The Clock is TikTok-ing for American Privacy Rights



By Kayla Molander
Michael Paul Galvin Chair in Entrepreneurship and Applied Legal Technology and Professor of Law Nancy Kim.

In March the United States House of Representatives passed a bill that would force its Chinese owner, ByteDance, to sell the popular video social media app.

“Lawmakers are concerned that the app is a national security risk because the China-based company is, they believe, controlled by the Chinese Communist Party and could brainwash users with propaganda and misinformation,” says Nancy Kim, Michael Paul Galvin Chair in Entrepreneurship and Applied Legal Technology and professor of law at Chicago-Kent College of Law.

“But a sale of TikTok won’t resolve the problem of propaganda and misinformation online,” Kim says, “Other social media sites, including Instagram, Facebook, and X, are awash in problematic content that moderators are unable to keep in check.”

That hasn’t stopped lawmakers from trying to control TikTok. In December 2022 TikTok admitted that ByteDance employees had spied on foreign journalists to identify their sources and track their movements. These revelations led to the app being banned on government devices in the United States and several states, as well as Canada, Australia, France, and other countries. India banned the app altogether.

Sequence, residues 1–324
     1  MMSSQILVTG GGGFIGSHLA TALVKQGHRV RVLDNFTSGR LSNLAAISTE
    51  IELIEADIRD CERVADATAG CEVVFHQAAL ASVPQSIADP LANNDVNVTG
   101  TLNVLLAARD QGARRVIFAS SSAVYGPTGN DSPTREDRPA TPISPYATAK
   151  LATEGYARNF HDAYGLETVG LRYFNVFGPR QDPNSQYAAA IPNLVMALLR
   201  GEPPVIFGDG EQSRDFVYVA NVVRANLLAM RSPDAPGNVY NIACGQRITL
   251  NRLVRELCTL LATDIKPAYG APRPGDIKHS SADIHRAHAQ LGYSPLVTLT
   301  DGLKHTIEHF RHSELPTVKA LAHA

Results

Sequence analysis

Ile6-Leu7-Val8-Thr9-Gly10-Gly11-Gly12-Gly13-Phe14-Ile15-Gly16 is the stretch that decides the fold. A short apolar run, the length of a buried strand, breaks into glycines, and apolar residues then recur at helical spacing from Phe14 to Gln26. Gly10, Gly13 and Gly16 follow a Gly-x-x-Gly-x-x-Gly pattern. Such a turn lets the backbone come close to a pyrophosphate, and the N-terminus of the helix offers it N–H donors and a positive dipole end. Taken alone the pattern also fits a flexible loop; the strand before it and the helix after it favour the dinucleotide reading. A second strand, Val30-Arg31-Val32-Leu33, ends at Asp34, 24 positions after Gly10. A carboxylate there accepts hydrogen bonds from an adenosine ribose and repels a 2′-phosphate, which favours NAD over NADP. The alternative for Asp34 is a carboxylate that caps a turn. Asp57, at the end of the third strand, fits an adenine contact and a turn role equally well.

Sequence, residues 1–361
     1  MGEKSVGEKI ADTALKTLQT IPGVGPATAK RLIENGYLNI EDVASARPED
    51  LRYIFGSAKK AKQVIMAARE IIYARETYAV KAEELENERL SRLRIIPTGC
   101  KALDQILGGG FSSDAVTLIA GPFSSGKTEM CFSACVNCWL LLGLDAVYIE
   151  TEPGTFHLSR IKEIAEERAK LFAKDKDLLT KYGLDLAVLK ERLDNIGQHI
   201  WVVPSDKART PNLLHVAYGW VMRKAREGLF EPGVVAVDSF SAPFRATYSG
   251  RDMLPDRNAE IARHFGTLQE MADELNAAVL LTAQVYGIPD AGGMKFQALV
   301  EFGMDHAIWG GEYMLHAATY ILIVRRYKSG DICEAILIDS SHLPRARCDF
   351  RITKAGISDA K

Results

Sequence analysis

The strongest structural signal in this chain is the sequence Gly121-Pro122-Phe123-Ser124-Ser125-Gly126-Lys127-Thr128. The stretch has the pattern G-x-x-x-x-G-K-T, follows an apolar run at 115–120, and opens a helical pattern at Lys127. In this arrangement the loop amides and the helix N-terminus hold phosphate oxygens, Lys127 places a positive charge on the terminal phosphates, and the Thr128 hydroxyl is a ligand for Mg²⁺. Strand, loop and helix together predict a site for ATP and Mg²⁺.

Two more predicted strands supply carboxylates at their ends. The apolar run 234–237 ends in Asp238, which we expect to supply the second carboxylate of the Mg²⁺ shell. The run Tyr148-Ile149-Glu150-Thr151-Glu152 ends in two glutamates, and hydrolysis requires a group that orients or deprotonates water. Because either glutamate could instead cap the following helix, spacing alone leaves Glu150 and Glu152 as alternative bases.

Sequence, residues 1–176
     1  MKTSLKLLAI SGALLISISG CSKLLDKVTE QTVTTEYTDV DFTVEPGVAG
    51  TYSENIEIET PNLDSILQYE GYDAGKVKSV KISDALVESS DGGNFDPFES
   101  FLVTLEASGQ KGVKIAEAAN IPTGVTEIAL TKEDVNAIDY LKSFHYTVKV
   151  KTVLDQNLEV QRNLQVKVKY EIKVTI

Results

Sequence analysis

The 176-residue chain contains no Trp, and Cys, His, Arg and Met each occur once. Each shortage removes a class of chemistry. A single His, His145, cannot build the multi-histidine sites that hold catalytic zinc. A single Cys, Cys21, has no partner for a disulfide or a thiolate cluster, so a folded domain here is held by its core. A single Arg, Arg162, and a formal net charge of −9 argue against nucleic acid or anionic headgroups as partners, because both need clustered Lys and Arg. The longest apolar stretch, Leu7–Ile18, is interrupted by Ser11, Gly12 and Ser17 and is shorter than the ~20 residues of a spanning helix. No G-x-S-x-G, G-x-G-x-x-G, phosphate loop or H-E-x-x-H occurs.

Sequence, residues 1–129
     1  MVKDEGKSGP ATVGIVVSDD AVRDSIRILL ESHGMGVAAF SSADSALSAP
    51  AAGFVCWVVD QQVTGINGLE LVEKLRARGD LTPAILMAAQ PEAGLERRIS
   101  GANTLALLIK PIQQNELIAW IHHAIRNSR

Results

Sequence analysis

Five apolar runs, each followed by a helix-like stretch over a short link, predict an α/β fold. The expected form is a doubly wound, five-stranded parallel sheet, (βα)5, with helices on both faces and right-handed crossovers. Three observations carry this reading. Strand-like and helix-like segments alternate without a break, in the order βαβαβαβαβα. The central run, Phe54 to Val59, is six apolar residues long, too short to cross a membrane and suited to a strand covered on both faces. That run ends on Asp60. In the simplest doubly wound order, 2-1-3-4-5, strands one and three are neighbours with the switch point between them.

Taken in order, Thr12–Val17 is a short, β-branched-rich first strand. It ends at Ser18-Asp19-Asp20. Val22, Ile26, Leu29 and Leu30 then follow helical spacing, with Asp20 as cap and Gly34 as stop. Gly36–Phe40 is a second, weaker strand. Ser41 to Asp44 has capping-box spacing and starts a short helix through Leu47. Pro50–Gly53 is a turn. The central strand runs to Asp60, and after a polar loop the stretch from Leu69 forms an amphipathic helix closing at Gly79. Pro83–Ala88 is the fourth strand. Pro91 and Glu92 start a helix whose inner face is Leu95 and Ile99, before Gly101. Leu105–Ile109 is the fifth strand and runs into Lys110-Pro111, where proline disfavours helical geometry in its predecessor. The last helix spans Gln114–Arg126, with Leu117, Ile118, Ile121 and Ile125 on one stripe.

The U.S. House version of the bill was sent to the Senate for debate, but Kim doesn’t expect that to go anywhere soon.

“What might move the needle on privacy protection is not the TikTok legislation but another bill that received less attention and was passed at the same time,” says Kim. “The Protecting Americans’ Data from Foreign Adversaries Act prevents data brokers from selling sensitive personal data of U.S. citizens to entities controlled by the U.S.’s foreign adversaries.”

Kim notes that while the data broker bill would make the process of purchasing data more difficult, the Chinese government and other foreign adversaries could still obtain U.S. citizen data by purchasing it indirectly from third parties. “As long as the data is available for sale, our adversaries could get their hands on it,” Kim says.

“Both bills could be counterproductive if they divert lawmakers’ attention away from passing more comprehensive data privacy legislation,” Kim says. “TikTok isn’t the only social media app that hosts propaganda and misinformation, and as long as U.S. citizens’ data is being bought and sold, there will be ways for them to obtain it through resellers.”